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Trondheim, Norway!

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The beautiful rose window of the Dome seen from the outside!


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Wow, dome / domus. We have the Dom in Utrecht. And the Netherlands has 7 sacred Cathedrals.

Love this window Hanne. Thanks.


I just can't seem to shut up today! Maybe we should get our friend David to sort out all this dome/domus stuff for us?


Just one more comment: I think the Parthenon might legitimately be called the "domus dei" of the goddess Athena; what do you think?


Hanne, there is certainly room for confusion! I was very confused when a Gothic cathedral was referred to as a "dome"; I didn't see a dome, and didn't believe a Gothic cathedral would have a dome. So maybe we are just down to semantics - - style of construction versus the intended use of the building. My point is that a building of any style of construction can be a "domus dei", but not every building intended as a domus dei is a domed (in the architectural sense) building. Probably it is the Latin root of both "dome" and "domus" that occasions much of the confusion.


By the way, it's not Norwegian, it's Eupean - when I think about it. The Kölner Dom in Köln i.e., other Doms in Germany, France and perhaps Spain, I don't know quite.


Varda, I'm confused on a higher level, I'm just quoting my Danish dictionary that explains what words come from, I'm just talking plain Latin!! It belongs to the Roman Catholic big times when Europe was christned little by little and they made these churches. In English they are called cathedrals, but you can't mix it up with any Greek things. The Dome is simply the main church in a special kind of religious district and the place where the bishop is. It has nothing to do with architecture - anyway not in Danish!!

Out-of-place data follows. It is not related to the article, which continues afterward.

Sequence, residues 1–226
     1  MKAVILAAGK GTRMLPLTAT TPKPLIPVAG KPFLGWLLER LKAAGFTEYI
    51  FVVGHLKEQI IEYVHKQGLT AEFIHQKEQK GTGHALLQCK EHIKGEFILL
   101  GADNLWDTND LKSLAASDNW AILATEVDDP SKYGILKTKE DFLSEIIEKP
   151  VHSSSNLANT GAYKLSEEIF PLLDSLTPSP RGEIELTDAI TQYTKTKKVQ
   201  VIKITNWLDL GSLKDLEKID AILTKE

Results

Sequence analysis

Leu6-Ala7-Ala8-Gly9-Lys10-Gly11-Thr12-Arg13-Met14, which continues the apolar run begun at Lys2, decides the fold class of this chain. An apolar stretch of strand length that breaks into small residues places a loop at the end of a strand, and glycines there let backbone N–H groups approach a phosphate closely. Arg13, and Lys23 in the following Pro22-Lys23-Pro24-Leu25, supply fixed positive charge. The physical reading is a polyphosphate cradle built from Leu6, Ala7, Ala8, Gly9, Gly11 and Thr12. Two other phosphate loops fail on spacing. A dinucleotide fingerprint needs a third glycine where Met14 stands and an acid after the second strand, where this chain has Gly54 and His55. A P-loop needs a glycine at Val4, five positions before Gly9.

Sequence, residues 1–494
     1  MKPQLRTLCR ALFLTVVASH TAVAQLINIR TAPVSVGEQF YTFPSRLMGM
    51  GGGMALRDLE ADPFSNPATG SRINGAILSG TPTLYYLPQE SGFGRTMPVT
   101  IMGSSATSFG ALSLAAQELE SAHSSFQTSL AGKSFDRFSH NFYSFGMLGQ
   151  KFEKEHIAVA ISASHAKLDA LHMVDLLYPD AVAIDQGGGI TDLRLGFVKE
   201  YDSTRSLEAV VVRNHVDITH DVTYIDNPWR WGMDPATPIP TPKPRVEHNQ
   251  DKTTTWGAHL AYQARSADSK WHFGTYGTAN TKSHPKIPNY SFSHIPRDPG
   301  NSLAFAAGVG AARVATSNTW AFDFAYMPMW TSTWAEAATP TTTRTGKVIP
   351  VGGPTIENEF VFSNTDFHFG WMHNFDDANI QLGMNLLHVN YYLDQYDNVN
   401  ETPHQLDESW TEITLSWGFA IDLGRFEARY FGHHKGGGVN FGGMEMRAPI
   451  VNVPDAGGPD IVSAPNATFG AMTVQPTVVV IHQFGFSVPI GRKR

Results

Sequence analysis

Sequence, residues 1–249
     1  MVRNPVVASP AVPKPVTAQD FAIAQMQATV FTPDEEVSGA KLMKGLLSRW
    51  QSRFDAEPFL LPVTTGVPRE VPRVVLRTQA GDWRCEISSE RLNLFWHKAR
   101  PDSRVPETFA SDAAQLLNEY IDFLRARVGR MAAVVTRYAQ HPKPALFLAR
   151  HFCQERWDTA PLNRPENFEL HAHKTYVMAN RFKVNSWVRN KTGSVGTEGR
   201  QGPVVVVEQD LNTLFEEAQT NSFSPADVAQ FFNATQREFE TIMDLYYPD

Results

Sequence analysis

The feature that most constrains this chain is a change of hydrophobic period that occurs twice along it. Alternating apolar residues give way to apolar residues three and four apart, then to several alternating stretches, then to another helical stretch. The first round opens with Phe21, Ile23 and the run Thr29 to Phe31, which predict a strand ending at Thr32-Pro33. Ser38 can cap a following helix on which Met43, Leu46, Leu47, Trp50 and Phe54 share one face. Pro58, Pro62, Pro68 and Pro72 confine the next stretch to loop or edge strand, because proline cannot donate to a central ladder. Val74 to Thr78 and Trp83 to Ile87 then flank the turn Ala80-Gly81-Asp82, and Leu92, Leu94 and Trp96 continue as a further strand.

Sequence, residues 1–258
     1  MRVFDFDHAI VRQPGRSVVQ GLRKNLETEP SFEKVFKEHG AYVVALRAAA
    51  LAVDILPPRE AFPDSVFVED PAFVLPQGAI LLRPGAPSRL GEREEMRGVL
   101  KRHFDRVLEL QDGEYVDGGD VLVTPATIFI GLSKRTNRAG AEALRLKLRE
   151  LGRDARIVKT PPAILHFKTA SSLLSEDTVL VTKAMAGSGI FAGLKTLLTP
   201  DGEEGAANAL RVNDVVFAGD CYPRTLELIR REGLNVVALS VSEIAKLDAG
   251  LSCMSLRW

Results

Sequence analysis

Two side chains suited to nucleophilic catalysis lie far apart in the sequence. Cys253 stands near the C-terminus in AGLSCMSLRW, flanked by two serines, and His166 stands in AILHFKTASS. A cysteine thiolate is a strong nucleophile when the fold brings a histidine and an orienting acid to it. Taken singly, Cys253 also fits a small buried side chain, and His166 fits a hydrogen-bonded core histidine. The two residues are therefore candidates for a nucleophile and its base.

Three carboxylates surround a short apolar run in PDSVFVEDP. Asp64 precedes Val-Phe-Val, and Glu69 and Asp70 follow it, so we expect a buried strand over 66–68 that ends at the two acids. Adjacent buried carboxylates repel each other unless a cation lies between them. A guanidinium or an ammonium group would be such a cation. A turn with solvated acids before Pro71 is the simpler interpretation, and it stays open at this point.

Well, Hanne, I have learned some Norwegian today! But I think any English-speaking person would interpret "dome" to mean the hemispherical structure atop a building (the Roman Pantheon is a very impressive example of a domed structure). I'd imagine that a "domus dei" could be any style of building, from the ancient Greek post-and-lintel construction, to the Romanesque buildings based on the round arch, to the Gothic cathedrals based on the pointed arch, to more modern nondescript kinds of construction. Yes, a "cathedral" is generally recognized as the seat of the bishop, no matter what the style of construction. But, while a Gothic cathedral may indeed be a "domus dei", it is definitely not a domed building in the English sense of the word! I hope I haven't confused everyone!


I do quite agree Jan!! Thanks so very much!!

Varda, dom-church, dom comes from domus dei, the house of God. Now a dom church is the leading church in a certain area where a bishop resides. Usually they are VERY big and old. So now you could go on philosophying: all the other churches are they just houses then, not domus dei?? Interesting question after all!! Thanks so very much!!


Hi, Hanne! I think the Norwegian term "domkirke" might be the source of some confusion about "domes". In English, a dome is the semi-spherical upper part of a building; domes are not usually seen on Gothic cathedrals. By the way, this is a stunningly beautiful rose window!


I love rose windows! And this one is gorgeous!! Thanks, Hanne!


It's very difficult, but if you google "nidaros domkirke" you'll have lots and lots of detail pictures, that are very good. Thanks so very much Ardy!!


Lovely isn't it, Hanne. Can't help but wish the color showed more on the outside. With this close up I can see gargoyles that I didn't realize were there before. What a lot of amazing artistry. I doubt one could ever take it all in. Thanks, Hanne.